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Associations Between TLR9 Polymorphisms and Cancer Risk: Evidence from an Updated Meta-analysis of 25,685 Subjects

  • Wan, Guo-Xing (Department of Pathology and the Key Laboratories for Xinjiang Endemic and Ethnic Diseases (a joint venture with the Chinese Ministry of Education), Shihezi University School of Medicine) ;
  • Cao, Yu-Wen (Department of Pathology and the Key Laboratories for Xinjiang Endemic and Ethnic Diseases (a joint venture with the Chinese Ministry of Education), Shihezi University School of Medicine) ;
  • Li, Wen-Qin (Department of Pathology and the Key Laboratories for Xinjiang Endemic and Ethnic Diseases (a joint venture with the Chinese Ministry of Education), Shihezi University School of Medicine) ;
  • Li, Yu-Cong (Department of Pathology and the Key Laboratories for Xinjiang Endemic and Ethnic Diseases (a joint venture with the Chinese Ministry of Education), Shihezi University School of Medicine) ;
  • Zhang, Wen-Jie (Department of Pathology and the Key Laboratories for Xinjiang Endemic and Ethnic Diseases (a joint venture with the Chinese Ministry of Education), Shihezi University School of Medicine) ;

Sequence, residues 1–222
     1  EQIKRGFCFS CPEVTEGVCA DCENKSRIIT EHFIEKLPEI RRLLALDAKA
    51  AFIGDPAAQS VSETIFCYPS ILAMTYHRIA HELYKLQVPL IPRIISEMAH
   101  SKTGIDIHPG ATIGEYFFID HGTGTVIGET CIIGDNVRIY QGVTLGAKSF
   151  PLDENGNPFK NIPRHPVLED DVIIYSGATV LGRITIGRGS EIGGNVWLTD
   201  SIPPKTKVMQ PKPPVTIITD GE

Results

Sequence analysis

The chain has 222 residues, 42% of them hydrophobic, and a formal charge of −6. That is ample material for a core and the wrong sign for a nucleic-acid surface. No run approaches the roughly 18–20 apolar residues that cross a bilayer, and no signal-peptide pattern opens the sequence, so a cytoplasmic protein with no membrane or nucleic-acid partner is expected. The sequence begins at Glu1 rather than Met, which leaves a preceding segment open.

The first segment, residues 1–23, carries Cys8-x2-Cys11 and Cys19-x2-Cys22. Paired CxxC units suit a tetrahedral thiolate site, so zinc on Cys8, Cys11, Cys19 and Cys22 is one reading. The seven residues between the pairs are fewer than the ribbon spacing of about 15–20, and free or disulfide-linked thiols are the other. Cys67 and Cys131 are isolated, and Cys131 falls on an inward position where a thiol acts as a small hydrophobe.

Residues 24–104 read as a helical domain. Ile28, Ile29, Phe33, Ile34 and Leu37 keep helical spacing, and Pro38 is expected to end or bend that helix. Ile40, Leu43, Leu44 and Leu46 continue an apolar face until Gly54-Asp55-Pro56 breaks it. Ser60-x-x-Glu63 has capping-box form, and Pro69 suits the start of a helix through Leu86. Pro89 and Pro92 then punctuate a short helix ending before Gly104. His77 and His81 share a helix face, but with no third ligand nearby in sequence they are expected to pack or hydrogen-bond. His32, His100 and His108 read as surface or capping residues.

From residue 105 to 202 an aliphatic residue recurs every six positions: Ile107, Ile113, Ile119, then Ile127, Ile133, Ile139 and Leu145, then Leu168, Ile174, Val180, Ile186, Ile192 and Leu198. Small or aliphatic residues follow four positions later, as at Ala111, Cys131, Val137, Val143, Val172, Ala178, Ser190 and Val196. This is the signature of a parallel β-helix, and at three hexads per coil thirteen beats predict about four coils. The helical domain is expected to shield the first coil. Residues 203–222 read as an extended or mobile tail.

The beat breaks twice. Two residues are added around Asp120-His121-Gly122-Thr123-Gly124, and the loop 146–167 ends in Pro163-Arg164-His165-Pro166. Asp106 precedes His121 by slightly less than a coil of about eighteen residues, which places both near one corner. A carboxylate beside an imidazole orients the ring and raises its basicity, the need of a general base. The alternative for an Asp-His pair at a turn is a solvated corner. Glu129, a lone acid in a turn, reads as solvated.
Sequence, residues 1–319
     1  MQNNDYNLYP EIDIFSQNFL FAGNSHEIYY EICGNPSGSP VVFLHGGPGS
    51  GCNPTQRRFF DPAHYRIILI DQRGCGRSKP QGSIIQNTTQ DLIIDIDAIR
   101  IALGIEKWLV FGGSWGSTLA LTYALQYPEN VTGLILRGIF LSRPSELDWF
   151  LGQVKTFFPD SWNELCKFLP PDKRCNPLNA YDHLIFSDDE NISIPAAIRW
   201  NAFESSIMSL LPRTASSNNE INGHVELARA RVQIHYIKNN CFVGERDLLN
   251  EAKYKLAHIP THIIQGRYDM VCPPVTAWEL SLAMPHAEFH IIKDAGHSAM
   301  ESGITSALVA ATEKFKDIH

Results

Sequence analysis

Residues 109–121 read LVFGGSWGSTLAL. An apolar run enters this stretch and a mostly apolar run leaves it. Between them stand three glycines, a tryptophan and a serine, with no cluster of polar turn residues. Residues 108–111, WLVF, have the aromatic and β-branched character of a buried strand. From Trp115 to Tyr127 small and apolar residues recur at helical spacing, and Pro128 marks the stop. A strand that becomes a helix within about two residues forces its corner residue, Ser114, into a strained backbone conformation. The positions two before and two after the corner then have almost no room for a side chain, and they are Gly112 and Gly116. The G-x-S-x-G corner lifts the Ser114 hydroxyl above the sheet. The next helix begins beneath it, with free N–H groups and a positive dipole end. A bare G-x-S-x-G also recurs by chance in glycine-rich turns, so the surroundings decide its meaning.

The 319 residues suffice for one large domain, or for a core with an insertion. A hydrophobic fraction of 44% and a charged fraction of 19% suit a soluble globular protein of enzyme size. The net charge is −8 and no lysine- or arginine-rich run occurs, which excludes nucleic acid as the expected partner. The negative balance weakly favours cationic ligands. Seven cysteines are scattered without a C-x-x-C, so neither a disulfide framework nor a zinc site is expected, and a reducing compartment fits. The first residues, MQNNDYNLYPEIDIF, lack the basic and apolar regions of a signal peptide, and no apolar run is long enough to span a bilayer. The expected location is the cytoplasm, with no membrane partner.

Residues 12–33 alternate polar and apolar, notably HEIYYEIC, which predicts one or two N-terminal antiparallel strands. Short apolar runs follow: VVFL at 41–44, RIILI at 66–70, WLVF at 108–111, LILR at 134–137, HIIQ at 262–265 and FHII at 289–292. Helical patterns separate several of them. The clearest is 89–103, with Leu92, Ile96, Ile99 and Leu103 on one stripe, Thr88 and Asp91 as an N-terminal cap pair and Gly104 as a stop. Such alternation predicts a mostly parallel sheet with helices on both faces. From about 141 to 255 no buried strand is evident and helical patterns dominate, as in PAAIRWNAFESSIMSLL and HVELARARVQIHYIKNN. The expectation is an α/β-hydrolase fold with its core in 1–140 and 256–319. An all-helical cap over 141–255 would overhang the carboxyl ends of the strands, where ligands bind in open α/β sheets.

• Li, Feng (Department of Pathology and the Key Laboratories for Xinjiang Endemic and Ethnic Diseases (a joint venture with the Chinese Ministry of Education), Shihezi University School of Medicine)
  • Published : 2014.10.23

Abstract

A meta-analysis incorporating 34 case-control studies from 19 articles involving 12,197 cases and 13,488 controls was conducted to assess the effects of three genetic variants of Toll-like receptor 9 (TLR9): rs187084, rs352140, and rs5743836. Studies on associations between TLR9 polymorphisms and cancer risk were systematically searched in electronic databases. The reported odds ratios (OR) and 95% confidence intervals (CI) were pooled to assess the strength of any associations. The results showed that the rs187084 polymorphism was significantly associated with an increased risk of cancer (CC vs TC+TT: OR=1.14, 95% CI=1.02-1.28), specifically cervical cancer (C vs T: OR=1.19, 95% CI=1.05-1.34; TC vs TT: OR=1.32, 95% CI=1.10-1.58; CC vs TT: OR=1.31, 95% CI=1.03-1.68; CC+TC vs TT: OR=1.32, 95% CI=1.11-1.56), and that this association was significantly positive in Caucasians (CC vs. TC+TT: OR=1.18, 95% CI=1.01-1.38). The rs352140 polymorphism had a protective effect on breast cancer (GA vs GG: OR=0.77, 95% CI=0.66-0.89), whereas the rs5743836 polymorphism was likely protective for digestive system cancers (CC+TC vs TT: OR=0.81, 95% CI=0.66-0.98). In conclusion, our results suggest that the rs187084 polymorphism may be associated with an elevated cancer risk, whereas polymorphisms of rs352140 and rs5743836 may play protective roles in the development of breast and digestive system cancers, respectively. From the results of this meta-analysis further large-scale case-control studies are warranted to verify associations between TLR9 polymorphisms and cancer.

Keywords

Toll-like receptor 9;polymorphisms;cancer risk;meta-analysis

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